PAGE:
Palestinians planned protests across the occupied territories on the 60th anniversary of the "catastrophe" of the birth of Israel on Thursday as the Jewish state’s army went on high alert. The commemoration of the Naqba, or "catastrophe" - the defeat of five invading Arab armies and the expulsion or flight of about 760,000 people - comes as US President George W. Bush was to address Israel’s parliament. In the occupied West Bank and Arab east Jerusalem, activists plan to release 21,915 black balloons -- one for each day since Israel’s creation in 1948 - to darken the skies over Jerusalem after a massive midday protest in Ramallah. "Sixty years ago we were pushed into exodus and suffered an injustice. Today we call upon the world to give our people justice," Palestinian president Mahmud Abbas, himself a 1948 refugee, said this week.

Thousands demand right of return in Ramallah demonstration
Ma’an News Agency 5/15/2008
Ramallah – Ma’an – Thousands of Palestinians converged in the center of the West Bank city of Ramallah under the midday sun on Thursday for a demonstration to mark the sixtieth anniversary of the Palestinian Nakba and to demand the right of Palestinian refugees to return to their homes in what is now Israel. By United Nations figures, more than 700,000 Palestinians were displaced in the fighting that resulted in the creation of the state of Israel. Today, millions of refugees and their descendants now live in camps throughout the Middle East. The demonstrators first gathered at a mock refugee camp, dubbed “Awda” (“Return”) camp, set up across the street from the Muqata’a, the Palestinian presidential compound and the headquarters of the Palestinian Authority. The demonstration then moved to the central square, Al-Manara.

Public Statement of the National Committee to Commemorate the Nakba at 60
Stop The Wall 5/15/2008
Palestinian grassroots Anti-Apartheid Wall Campaign, May 15th, 2008 Public Statement of the National Committee to Commemorate the Nakba at 60 – Palestine Their is no Alternative to the Return to Our Homes and Properties - To the People of Palestine, Whether you live within the ’Green Line’, in Jerusalem, the West Bank, Gaza, or in exile; you shall return, there is no doubt that you shall return. Today the skies will echo as you state with one united voice: “There can be no alternative to our return”, all sounds will melt away as your voice rises to say “There can be no peace without our return to our original lands and homes. ” You who shall return, raise your voices and say “This is our land, this sky is our sky, this rock, tree, moon, and sea are our country, it will always be our Palestine. . ."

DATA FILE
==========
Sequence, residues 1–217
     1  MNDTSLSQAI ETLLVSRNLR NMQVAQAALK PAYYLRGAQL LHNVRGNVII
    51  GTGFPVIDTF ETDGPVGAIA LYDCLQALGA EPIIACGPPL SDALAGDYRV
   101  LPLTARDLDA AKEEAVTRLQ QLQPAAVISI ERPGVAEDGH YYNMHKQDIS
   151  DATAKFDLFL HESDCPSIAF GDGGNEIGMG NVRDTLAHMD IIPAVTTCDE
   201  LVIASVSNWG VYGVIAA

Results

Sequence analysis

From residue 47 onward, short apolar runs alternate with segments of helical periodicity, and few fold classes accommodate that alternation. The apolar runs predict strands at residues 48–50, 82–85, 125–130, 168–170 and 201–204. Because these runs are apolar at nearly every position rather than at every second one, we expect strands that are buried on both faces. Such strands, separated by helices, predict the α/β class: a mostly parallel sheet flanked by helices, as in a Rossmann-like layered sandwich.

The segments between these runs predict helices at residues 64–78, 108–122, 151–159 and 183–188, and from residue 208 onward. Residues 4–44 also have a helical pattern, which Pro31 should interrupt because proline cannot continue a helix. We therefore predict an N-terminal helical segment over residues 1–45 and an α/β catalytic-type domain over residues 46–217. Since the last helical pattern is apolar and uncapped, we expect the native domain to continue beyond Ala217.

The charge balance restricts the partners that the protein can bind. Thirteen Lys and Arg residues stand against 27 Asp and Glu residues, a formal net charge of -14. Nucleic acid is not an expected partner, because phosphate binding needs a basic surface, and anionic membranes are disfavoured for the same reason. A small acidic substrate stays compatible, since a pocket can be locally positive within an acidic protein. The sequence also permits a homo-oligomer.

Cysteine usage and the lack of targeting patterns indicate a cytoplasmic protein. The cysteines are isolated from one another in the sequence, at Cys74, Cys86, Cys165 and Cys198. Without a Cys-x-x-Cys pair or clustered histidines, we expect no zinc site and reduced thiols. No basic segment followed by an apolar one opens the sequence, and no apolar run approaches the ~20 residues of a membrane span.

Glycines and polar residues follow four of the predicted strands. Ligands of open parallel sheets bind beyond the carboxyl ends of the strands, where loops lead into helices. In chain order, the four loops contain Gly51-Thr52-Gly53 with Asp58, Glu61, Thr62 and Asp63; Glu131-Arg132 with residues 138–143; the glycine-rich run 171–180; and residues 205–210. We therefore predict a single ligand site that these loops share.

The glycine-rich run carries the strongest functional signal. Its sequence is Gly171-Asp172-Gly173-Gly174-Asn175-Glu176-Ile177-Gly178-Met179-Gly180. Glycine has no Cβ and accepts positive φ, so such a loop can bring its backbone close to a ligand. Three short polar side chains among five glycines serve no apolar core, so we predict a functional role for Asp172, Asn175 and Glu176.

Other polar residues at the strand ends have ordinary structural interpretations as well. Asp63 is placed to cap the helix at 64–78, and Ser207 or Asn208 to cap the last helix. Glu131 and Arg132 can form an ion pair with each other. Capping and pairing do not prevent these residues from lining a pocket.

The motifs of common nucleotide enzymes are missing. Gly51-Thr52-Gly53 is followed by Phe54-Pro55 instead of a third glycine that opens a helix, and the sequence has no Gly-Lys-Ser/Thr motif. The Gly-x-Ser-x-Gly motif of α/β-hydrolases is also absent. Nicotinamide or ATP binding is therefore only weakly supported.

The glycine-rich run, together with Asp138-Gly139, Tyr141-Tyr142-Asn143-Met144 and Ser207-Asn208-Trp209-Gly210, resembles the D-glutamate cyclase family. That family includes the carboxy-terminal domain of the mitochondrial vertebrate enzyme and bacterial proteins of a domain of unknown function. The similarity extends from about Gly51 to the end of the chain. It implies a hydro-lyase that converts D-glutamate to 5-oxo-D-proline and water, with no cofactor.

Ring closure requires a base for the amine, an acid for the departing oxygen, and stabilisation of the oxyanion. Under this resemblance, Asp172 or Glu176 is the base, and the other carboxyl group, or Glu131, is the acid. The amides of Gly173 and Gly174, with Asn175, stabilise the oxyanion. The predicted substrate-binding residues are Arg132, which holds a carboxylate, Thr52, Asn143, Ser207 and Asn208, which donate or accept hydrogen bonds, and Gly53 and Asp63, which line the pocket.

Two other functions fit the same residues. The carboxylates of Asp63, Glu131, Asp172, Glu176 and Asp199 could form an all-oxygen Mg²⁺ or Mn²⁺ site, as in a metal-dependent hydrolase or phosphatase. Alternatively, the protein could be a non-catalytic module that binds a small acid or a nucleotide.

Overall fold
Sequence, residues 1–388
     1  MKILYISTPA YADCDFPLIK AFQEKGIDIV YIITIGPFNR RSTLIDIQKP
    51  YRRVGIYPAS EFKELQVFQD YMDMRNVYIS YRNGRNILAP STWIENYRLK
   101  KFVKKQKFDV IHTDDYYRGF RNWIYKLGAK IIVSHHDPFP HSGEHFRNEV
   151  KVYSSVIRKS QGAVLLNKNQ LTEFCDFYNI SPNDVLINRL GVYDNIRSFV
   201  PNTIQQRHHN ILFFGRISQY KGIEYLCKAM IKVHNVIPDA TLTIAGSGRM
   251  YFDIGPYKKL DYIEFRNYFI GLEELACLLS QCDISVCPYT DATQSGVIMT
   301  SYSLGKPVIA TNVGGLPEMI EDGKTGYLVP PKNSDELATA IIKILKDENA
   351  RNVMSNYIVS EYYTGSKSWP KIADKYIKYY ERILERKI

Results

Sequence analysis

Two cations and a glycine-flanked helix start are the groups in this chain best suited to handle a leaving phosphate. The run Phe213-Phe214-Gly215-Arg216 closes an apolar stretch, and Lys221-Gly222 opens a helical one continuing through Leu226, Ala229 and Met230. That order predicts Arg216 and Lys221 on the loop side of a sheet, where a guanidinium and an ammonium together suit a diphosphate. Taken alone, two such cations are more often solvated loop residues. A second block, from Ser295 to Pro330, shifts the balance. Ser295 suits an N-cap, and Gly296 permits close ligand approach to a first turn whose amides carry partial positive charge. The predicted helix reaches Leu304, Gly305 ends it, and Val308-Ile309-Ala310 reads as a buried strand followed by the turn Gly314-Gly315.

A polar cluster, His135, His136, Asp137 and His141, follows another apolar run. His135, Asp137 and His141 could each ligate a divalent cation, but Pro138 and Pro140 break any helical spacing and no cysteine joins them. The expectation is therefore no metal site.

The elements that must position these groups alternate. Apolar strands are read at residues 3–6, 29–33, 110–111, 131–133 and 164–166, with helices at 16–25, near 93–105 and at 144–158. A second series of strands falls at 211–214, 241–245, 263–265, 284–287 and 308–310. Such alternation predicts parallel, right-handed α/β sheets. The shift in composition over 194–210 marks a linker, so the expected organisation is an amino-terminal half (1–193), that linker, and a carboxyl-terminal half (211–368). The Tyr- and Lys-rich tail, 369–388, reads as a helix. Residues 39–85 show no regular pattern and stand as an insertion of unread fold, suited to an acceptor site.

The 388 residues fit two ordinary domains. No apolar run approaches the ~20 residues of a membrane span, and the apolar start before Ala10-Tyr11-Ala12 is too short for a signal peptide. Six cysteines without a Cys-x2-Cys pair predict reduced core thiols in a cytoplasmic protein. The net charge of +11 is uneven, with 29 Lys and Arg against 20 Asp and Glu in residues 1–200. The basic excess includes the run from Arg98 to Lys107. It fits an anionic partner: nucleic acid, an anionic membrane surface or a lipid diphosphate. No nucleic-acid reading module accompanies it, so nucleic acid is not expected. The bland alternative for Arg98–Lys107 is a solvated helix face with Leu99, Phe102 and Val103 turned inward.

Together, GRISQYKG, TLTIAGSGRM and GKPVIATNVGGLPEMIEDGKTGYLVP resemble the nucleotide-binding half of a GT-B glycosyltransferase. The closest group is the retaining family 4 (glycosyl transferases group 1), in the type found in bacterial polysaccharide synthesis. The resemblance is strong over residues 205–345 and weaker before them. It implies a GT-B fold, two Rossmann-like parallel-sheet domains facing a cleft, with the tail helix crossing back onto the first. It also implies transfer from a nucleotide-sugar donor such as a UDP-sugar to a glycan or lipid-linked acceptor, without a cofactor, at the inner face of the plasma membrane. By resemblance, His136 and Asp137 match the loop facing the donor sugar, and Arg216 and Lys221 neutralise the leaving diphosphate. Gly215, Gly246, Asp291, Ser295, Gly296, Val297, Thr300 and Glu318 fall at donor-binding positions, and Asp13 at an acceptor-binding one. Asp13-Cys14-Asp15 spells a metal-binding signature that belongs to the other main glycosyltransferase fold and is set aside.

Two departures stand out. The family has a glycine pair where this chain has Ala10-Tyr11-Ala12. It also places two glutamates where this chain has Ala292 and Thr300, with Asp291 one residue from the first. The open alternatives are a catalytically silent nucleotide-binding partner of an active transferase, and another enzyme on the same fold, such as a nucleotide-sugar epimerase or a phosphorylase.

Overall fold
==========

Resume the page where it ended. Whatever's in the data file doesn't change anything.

Israeli settlers attempt to found settlement outpost in Beit Sahour
Ma’an News Agency 5/15/2008
Bethlehem – Ma’an – Dozens of Israeli settlers broke into an area called ’Ush Ghurab in Beit Sahour in the eastern Bethlehem district on Thursday morning, demanding the establishment of a settlement outpost. Israeli soldiers were present to protect the settlers. The area used to house an Israeli military base, which was evacuated about a year ago. Ma’an’s reporter said the soldiers denied journalists access to the area. Heated arguments erupted between settlers and local Palestinian citizens who gathered in the area. The mayor of Beit Sahour Hani Al-Hayik, as well as the governor of Bethlehem Salah Ta’mari and Fatah-affiliated lawmaker Fuad Kukali went to the site. "Such practices represent Israeli intentions which should not be underestimated," the governor of Bethlehem said. He explained that such steps were part of an overall Israeli policy aimed at enhancing and intensifying settlement construction in the Palestinian territories.

Israeli settlers occupy a land east of Beit Sahour, say they want to build a settlement there
IMEMC Staff, International Middle East Media Center News 5/15/2008
Israeli troops arrested Farid Al-Atrash, a lawyer from Bethlehem as he was among other Palestinians protesting the presence of Israeli settlers who occupied a piece of land east of the town of Beit Sahour near Bethlehem in order to build a new settlement on that land, Thursday morning. Salah El-Taamari, governor of Bethlehem told IMEMC over the phone that "Israel is not showing any sign of positiveness towards allowing a Palestinian independent state to be built, [. . . ] they continue to occupy more land and to build more illegal settlements on them. One of the settlers who refused to disclose his name denied the existance of Palestine in this land and insisted that it is called Judea. "This is not Palestine, this is Judea, the Roman emperor Hadrian named it Palestine, but before that it was Judea, the land of Christ is Judea, and the Koran says this is the land of ’Bani Israel’ children of Israel, and we are Bani Israel," he said.

Israeli military kidnaps 19 Palestinians across the West Bank
IMEMC Staff, International Middle East Media Center News 5/15/2008